The Now 45 compilation slips 4-6 on the Billboard 200 with 33,000 (down 13 percent), the Lumineers’ self-titled album falls 5-7 with 30,000 (down 13 percent), Josh Groban‘s All That Echoes slides 3-8 with 29,000 (down 29 percent) and Rihanna‘s Unapologetic is steady at No. 9 with just under 29,000 (up less than 1 percent).
Jumping four slots to No. 10 is Adele‘s 21, selling 27,000 with a gain of 17 percent. While the album doesn’t feature her Academy Award-winning song “Skyfall,” the set clearly benefits from Adele’s performance of the tune on the Oscars (Feb. 24). This is the two-year old album’s first time back in the top 10 since the Nov. 3, 2012 chart, when it ranked at No. 9.
As for the song “Skyfall,” after a full week of impact post-Oscars, the song charges 32-10 on the Digital Songs chart, selling 105,000 downloads in the week ending March 3 (up 88 percent). The title song of the James Bond film logs its best sales week since the tally dated Dec. 1, 2012 (120,000) — reflecting the first full week “Skyfall” was in U.S. theaters.
Adele’s performance on the Academy Awards was her first on TV — or anywhere — in over a year. She last sang onstage during the Brit Awards on Feb. 21.
At No. 1 on the Digital Songs chart is Macklemore & Ryan Lewis’ “Thrift Shop” (featuring Wanz), ruling for an eighth consecutive week (326,000; down 10 percent).
Mars’ “When I Was Your Man” skips 3-2 with 231,000 (up 1 percent), while Baauer’s “Harlem Shake” cools down, moving 2-3 with 228,000 (down 23 percent).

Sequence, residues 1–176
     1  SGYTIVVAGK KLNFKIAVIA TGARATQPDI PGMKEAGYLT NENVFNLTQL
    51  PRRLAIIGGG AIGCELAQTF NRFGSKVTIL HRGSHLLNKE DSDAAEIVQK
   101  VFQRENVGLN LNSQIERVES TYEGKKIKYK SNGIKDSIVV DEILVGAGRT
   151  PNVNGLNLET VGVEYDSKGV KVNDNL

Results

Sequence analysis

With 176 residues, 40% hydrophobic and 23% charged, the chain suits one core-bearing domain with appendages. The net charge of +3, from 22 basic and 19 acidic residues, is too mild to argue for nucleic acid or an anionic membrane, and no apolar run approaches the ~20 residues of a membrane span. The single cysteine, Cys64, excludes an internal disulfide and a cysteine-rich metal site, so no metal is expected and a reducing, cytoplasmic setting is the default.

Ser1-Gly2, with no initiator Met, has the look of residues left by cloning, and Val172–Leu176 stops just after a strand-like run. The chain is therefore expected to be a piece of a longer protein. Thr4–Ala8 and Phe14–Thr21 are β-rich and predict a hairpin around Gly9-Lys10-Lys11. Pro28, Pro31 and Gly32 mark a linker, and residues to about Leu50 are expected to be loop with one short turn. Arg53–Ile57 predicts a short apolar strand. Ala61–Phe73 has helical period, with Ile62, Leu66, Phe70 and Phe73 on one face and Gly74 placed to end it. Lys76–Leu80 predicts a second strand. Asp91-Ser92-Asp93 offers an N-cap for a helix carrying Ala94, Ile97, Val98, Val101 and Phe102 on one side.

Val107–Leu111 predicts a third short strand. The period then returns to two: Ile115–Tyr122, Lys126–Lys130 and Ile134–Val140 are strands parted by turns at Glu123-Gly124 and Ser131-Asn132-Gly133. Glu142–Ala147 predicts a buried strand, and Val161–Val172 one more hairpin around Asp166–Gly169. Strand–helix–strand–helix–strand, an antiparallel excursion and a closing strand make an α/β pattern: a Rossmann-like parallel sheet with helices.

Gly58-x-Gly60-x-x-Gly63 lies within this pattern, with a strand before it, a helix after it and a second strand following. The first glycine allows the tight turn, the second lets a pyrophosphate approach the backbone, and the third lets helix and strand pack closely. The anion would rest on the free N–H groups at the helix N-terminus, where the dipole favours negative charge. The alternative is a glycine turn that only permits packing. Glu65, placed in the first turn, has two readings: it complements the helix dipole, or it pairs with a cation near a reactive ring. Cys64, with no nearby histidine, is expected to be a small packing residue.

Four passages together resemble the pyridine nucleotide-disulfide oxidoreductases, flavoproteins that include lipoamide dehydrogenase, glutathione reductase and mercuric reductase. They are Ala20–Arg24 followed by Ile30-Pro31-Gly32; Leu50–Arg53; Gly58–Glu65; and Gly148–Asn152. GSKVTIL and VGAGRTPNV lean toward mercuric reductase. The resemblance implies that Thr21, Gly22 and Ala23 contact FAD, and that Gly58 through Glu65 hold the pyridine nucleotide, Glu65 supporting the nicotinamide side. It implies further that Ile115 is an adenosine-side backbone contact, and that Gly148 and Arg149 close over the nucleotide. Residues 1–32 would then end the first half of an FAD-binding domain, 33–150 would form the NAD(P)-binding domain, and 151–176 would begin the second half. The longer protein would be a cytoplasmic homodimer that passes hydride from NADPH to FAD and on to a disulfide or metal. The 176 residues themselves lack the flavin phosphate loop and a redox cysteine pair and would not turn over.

Demi Lovato scores her best sales week yet for a song download, as her new “Heart Attack” debuts at No. 4 with 215,000. Her previous best frame was earned when “Skyscraper” bowed with 176,000 downloads at No. 2 (July 30, 2011).
Rihanna’s “Stay” (featuring Mikky Ekko) falls 4-5 with 211,000 (down 1 percent) and Drake‘s “Started From the Bottom” moves 5-6 with 142,000 (down 6 percent). Justin Timberlake‘s “Suit & Tie” (featuring Jay-Z) holds at No. 7 (141,000; up 5 percent) and will.i.am & Britney Spears‘ “Scream & Shout” falls 6-8 (122,000; down 12 percent). Taylor Swift‘s “I Knew You Were Trouble” is stationary at No. 9 with 121,000 (down 9 percent).
Overall album sales in this past chart week (ending March 3) totaled 5.79 million units, up 6 percent compared with the sum last week (5.46 million) and down 9 percent compared with the comparable sales week of 2012 (6.33 million). Year to date album sales stand at 50.36 million, down 7 percent compared to the same total at this point last year (54.34 million).
Digital track sales this past week totaled 26.12 million downloads, down 3 percent compared with last week (26.89 million) and down 4 percent stacked next to the comparable week of 2012 (27.12 million). Year to date track sales are at 253.38 million, down 2 percent compared to the same total at this point last year (258.04 million).
Next week’s Billboard 200 competes with the same week in 2012 when Bruce Springsteen‘s Wrecking Ball debuted at No. 1 with 196,000 sold, just barely beating the No. 2 set, Adele’s 21 (195,000).